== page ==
I hope you have had a lovely day-everything seems to be springing to life once again. It seems to me that Spring works so very hard to bring about all of this beauty that I wish it could be this way all year long. Well- a friend once told me that IF I was going to wish for a watermelon then wish for a BIG watermelon in life. LOL
These days are just going too fast. I just do not recall anybody telling me when I was young that the older you get - the faster time goes??? But, It Sure Does. LOL
DH goes bright & early in the morning for a CT scan . He really does not like those things but the lady who gives them always works hard with him. She is just a little tiny smidgen of a gal. I wish I could give her some of my blubber. LOL- sorry could not help myself.
We went this afternoon to visit with his sister & hubby in the city as they did a CT Scan on her for her back. She has another ruptured disc & they are making plans for another surgery. It really does amaze me how So Many people have back problems. ????
But, driving home DH was so exhausted . He made the comment that back when he was younger he could drive day and night and not get tired. It always seemed to enthuse him. It was always me the one that driving just plum wore out? I sometimes wish we had come to earth with some kind of a owners manual.
Well, I better hop off and get things in order. But I read an interesting article & I thought I might share it with you!
Scientists Warn: Too Much Sugar Harms the Brain
Tuesday, May 15, 2012 5:48 PM
Eating too much sugar can eat away at your brainpower, according to US scientists who published a study Tuesday showing how a steady diet of high-fructose corn syrup sapped lab rats' memories.
Researchers at the University of California Los Angeles (UCLA) fed two groups of rats a solution containing high-fructose corn syrup -- a common ingredient in processed foods -- as drinking water for six weeks.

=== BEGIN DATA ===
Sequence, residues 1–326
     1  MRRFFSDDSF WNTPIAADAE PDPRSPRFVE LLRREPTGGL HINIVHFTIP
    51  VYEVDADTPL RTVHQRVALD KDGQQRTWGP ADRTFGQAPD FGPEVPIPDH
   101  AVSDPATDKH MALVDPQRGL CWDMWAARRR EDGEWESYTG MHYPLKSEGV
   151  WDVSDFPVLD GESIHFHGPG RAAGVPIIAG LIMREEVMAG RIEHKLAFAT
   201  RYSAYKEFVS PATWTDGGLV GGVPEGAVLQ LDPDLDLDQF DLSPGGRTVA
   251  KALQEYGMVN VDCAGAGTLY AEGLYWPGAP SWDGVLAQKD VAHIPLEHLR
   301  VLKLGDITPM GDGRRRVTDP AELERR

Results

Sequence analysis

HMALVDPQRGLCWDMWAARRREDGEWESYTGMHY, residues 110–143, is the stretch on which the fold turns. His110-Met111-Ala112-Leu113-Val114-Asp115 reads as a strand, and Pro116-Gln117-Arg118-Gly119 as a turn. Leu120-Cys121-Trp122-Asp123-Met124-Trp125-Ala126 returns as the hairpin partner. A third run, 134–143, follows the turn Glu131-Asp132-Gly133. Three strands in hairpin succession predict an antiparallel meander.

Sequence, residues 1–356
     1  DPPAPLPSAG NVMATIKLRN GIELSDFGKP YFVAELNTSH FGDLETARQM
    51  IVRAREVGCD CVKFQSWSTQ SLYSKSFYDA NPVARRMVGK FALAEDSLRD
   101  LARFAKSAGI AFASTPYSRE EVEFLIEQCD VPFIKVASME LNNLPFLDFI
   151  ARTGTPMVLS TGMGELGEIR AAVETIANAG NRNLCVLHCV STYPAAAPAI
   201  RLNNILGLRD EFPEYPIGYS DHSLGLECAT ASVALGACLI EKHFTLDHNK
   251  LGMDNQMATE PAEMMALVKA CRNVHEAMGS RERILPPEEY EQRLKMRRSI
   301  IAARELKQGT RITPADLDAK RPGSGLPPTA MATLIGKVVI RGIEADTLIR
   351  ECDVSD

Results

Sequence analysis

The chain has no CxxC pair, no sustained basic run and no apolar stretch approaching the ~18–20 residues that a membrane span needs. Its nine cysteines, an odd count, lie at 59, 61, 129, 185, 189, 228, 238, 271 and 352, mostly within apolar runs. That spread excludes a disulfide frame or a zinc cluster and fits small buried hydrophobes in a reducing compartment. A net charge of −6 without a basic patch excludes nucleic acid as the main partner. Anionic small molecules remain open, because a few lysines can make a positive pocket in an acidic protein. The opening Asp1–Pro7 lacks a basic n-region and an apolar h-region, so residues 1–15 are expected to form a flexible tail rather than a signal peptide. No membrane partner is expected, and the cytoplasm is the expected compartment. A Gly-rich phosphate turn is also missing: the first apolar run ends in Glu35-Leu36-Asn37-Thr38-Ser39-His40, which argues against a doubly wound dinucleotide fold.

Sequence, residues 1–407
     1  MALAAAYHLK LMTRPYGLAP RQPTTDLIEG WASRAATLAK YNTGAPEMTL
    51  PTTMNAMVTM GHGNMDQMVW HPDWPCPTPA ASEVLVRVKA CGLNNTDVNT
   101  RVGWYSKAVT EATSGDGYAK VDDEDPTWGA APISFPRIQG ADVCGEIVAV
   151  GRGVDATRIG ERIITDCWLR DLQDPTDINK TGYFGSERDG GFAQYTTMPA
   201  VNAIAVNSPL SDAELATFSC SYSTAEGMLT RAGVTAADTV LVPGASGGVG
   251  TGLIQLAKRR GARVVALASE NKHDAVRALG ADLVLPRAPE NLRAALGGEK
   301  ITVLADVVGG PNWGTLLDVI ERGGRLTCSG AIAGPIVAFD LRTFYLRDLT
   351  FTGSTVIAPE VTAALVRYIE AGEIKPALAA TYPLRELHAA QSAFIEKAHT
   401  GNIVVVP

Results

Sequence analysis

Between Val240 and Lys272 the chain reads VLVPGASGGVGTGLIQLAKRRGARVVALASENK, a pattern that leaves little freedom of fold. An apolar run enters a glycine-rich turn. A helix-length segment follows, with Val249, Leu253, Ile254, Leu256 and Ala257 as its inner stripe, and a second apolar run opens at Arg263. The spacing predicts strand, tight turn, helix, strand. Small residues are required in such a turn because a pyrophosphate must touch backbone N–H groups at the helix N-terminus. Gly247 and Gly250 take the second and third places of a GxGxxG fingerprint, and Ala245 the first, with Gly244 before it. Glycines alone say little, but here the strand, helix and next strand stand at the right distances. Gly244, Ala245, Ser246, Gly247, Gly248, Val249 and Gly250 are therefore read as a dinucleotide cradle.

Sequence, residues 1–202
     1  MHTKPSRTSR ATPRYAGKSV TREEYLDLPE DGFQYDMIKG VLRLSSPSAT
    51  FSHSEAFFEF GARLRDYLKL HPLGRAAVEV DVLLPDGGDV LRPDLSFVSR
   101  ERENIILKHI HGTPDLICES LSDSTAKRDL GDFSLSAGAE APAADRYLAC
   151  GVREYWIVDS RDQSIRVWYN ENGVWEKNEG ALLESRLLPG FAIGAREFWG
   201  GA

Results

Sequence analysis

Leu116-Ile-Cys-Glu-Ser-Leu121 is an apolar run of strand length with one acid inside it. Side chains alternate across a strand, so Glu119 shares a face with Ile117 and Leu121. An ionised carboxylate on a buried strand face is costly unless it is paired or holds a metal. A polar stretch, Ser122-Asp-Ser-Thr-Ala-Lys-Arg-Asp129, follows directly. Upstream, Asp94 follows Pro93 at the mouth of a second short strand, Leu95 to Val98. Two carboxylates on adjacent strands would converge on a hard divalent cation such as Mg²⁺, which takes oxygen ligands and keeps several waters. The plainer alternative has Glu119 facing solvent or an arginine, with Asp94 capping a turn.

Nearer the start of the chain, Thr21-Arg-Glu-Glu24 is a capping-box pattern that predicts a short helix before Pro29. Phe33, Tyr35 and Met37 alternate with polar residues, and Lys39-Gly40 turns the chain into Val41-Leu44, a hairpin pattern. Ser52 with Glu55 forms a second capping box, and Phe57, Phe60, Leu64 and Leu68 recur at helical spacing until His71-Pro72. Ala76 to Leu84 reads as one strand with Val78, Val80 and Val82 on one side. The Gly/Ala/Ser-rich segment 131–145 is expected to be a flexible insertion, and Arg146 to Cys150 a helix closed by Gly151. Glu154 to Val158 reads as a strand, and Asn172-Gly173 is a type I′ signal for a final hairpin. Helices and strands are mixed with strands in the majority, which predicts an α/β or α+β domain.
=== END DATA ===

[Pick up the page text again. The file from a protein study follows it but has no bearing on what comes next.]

One group of rats was supplemented with brain-boosting omega-3 fatty acids in the form of flaxseed oil and docosahexaenoic acid (DHA), while the other group was not.
Before the sugar drinks began, the rats were enrolled in a five-day training session in a complicated maze. After six weeks on the sweet solution, the rats were then placed back in the maze to see how they fared.
"The DHA-deprived animals were slower, and their brains showed a decline in synaptic activity," said Fernando Gomez-Pinilla, a professor of neurosurgery at the David Geffen School of Medicine at UCLA.
"Their brain cells had trouble signaling each other, disrupting the rats' ability to think clearly and recall the route they'd learned six weeks earlier."
A closer look at the rat brains revealed that those who were not fed DHA supplements had also developed signs of resistance to insulin, a hormone that controls blood sugar and regulates brain function.
"Because insulin can penetrate the blood-brain barrier, the hormone may signal neurons to trigger reactions that disrupt learning and cause memory loss," Gomez-Pinilla said.
In other words, eating too much fructose could interfere with insulin's ability to regulate how cells use and store sugar, which is necessary for processing thoughts and emotions.
"Insulin is important in the body for controlling blood sugar, but it may play a different role in the brain, where insulin appears to disturb memory and learning," Gomez-Pinilla said.
"Our study shows that a high-fructose diet harms the brain as well as the body. This is something new."
High-fructose corn syrup is commonly found in soda, condiments, applesauce, baby food and other processed snacks.
The average American consumes more than 40 pounds (18 kilograms) of high-fructose corn syrup per year, according to the US Department of Agriculture.
While the study did not say what the equivalent might be for a human to consume as much high-fructose corn syrup as the rats did, researchers said it provides some evidence that metabolic syndrome can affect the mind as well as the body.
"Our findings illustrate that what you eat affects how you think," said Gomez-Pinilla.
"Eating a high-fructose diet over the long term alters your brain's ability to learn and remember information. But adding omega-3 fatty acids to your meals can help minimize the damage."
The study appeared in the Journal of Physiology.